My older son and I recently saw Bob Dylan and his band in concert. My son is quite the connoisseur of classic pop music going back to before he was born, and to some extent, before I was born. Going to this show was what he requested for his birthday because he feels certain that there won’t be too many more chances to see Dylan live, and judging from how frail the aging rocker looked on stage, I would agree. While 73 doesn’t seem so old when considering how many of his contemporaries are still touring extensively, Dylan doesn’t seem to “get around” with the same agility of guys like Mick Jagger or Paul McCartney.
Just before the show began, the house lights went out and the stage was dark. A single member of his band came out in the dark, picked up a guitar, and started playing a gentle, folksy tune. It was like being in church. When the lights went up, the rest of the band was in place, wearing matching outfits. I leaned over to my son and said, “How often do you see band members dressed alike?” He replied, “I never have.” They were definitely representing a different era, when rock-n-roll was reaching adolescence and getting more rebellious, but there was still a touch of class and style left over from the very early days of the bands that accompanied Buddy Holly and Elvis.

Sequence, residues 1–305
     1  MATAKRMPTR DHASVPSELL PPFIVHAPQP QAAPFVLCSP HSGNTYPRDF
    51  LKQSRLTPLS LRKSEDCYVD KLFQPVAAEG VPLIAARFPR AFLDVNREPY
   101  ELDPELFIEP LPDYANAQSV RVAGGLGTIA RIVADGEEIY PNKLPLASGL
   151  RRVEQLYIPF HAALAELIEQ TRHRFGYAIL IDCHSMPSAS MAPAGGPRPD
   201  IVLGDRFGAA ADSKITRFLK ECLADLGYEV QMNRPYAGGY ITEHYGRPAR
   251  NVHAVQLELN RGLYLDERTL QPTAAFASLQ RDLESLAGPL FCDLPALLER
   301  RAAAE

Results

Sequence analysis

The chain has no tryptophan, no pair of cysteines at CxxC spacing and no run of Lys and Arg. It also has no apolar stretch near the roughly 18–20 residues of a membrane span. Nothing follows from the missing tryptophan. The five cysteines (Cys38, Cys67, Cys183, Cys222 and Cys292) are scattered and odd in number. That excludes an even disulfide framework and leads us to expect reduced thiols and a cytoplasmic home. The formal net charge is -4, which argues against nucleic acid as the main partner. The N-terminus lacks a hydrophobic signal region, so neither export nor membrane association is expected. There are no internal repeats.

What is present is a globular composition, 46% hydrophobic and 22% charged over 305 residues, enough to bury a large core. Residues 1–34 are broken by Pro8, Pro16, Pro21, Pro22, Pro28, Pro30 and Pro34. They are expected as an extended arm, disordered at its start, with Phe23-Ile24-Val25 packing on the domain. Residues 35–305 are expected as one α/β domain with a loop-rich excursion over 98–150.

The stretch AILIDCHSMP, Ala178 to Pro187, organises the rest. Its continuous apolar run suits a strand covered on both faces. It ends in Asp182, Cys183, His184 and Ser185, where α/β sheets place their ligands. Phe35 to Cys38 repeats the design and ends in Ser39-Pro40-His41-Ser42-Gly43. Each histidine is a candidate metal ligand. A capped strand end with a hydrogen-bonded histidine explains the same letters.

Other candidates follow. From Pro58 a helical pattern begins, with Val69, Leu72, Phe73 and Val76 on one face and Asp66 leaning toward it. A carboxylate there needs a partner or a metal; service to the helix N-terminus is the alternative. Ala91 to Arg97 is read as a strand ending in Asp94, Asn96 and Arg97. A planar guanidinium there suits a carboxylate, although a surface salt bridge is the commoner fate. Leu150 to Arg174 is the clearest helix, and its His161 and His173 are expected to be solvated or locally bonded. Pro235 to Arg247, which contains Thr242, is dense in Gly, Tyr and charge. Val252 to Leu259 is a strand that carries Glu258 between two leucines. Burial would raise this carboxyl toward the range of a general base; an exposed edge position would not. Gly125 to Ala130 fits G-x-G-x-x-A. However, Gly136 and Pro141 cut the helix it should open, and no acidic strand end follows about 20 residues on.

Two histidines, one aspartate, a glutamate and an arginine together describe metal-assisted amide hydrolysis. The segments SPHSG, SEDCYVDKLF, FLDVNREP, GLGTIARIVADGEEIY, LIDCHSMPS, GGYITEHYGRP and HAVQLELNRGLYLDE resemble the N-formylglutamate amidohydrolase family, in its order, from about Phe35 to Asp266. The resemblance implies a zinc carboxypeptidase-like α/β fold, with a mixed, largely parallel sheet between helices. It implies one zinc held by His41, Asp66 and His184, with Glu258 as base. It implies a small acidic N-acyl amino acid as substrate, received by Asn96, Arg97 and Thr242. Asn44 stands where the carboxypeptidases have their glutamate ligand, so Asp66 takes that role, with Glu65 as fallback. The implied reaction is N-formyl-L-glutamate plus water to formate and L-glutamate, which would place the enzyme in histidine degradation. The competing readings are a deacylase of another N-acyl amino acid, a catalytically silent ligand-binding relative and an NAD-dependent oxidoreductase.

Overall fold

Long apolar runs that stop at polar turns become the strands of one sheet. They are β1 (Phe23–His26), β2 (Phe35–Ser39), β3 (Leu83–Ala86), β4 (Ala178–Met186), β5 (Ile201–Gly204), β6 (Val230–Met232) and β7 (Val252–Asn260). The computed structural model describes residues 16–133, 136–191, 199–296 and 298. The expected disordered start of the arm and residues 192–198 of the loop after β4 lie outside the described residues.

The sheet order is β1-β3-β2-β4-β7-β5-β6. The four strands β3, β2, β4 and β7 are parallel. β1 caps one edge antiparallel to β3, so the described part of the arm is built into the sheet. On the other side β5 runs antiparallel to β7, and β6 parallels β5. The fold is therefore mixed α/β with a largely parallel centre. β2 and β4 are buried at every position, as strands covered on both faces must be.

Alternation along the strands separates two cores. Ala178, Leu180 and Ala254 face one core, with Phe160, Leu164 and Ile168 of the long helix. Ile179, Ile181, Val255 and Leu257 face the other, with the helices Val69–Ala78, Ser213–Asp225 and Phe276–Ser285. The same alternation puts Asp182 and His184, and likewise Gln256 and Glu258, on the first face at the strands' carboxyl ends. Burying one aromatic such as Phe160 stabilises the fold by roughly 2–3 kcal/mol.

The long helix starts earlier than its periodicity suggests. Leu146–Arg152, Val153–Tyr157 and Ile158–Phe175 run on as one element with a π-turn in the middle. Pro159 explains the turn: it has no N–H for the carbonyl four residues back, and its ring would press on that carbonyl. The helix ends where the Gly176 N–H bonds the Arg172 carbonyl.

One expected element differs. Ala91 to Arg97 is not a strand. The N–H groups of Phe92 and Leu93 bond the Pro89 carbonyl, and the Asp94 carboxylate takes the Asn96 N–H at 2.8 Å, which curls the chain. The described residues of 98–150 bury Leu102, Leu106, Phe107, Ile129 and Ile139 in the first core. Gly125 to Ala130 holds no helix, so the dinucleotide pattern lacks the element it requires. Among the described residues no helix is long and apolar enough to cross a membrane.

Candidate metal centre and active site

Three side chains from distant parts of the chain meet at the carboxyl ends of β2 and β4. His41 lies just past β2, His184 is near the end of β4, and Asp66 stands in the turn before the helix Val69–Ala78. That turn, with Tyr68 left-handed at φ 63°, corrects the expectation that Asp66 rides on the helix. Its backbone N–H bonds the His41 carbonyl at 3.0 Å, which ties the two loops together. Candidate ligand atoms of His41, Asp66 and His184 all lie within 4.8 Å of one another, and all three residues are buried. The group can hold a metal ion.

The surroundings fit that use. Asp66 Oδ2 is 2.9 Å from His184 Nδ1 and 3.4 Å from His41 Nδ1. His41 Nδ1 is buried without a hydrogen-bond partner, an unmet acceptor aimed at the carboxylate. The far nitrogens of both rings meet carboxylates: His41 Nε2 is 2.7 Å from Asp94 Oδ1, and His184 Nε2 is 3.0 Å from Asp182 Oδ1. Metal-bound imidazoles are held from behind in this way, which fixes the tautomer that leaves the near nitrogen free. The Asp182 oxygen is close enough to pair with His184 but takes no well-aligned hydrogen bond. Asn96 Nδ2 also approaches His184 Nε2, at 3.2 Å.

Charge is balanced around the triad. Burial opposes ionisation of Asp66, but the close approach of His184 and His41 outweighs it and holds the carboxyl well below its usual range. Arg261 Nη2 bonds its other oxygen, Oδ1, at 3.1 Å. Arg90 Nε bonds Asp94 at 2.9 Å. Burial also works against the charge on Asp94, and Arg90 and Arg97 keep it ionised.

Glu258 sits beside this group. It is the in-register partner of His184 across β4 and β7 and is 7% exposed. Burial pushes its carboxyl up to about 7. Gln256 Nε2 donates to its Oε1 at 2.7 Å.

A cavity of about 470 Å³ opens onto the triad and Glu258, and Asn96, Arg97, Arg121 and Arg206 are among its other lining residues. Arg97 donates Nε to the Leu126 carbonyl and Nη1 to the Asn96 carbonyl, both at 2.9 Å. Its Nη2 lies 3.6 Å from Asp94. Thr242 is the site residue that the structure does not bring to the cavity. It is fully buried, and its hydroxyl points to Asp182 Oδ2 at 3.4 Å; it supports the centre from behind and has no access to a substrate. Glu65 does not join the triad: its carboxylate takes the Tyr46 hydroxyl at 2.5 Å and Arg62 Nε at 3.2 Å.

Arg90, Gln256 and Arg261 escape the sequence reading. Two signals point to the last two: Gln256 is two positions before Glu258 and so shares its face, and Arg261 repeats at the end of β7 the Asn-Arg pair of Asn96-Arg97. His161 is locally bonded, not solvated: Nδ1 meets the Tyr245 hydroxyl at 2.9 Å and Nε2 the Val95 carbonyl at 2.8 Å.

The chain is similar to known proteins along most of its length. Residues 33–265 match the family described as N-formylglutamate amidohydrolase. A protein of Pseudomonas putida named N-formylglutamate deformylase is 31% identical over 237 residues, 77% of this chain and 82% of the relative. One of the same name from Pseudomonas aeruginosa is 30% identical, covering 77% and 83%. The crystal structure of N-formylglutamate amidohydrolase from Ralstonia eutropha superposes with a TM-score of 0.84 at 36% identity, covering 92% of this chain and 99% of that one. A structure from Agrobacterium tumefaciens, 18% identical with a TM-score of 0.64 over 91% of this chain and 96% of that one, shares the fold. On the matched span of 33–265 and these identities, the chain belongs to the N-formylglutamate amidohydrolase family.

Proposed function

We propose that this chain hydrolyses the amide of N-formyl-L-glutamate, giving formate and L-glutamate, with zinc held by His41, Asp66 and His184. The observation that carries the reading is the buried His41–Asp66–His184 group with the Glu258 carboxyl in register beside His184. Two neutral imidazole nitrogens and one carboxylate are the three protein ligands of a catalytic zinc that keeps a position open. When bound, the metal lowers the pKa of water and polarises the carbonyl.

President Barack Obama presents Bob Dylan with a Medal of Freedom (May 29, 2012)
Most people don’t become legends during their lifetimes, nor do they become iconic. Bob Dylan is an exception. Some of his songs clearly define the rock-n-roll era, especially the elements in the genre that are most significant historically: protest, reflection, freedom, and change. More than any other popular musician and songwriter from my generation that I can recall, Bob Dylan has proven over and over again that rock-n-roll was never just about the music, and certainly not about beautiful voices. Hell, he never even tried to make pretty sounds with his voice, that is, on the occasions that he decided to sing instead of speak his songs. But I would argue with anyone that his lyrics were some of the most powerful and moving of that generation.
At this particular show, Bob Dylan sang an incredible variety of music in a short time. He was probably on stage for less than two hours altogether, but during that time, we heard folk, blues, country, reggae, and rock. He never picked up a guitar, but he played a miniature grand piano, and of course, the harmonica. The instrumental variety from his band was impressive, including tunes using a violin and a huge string bass. It was clear that he was playing what he wanted to play, not what the crowd expected or necessarily wanted. He didn’t include “Like a Rolling Stone,” which no doubt irritated some of the audience. But he did play “Tangled Up In Blues” and “Blowing In the Wind.” Dylan performed that last song as his finale for the single encore he gave, and true to form, he used a variation so different from the original recorded version that I didn’t even recognize it until he was into the chorus. I leaned over to my son and said, “I almost didn’t recognize this one, the way he’s playing it.” Looking straight ahead to the stage, admiring the legend, my son replied, “He’s earned the right to do it anyway he wants.” I couldn’t agree more.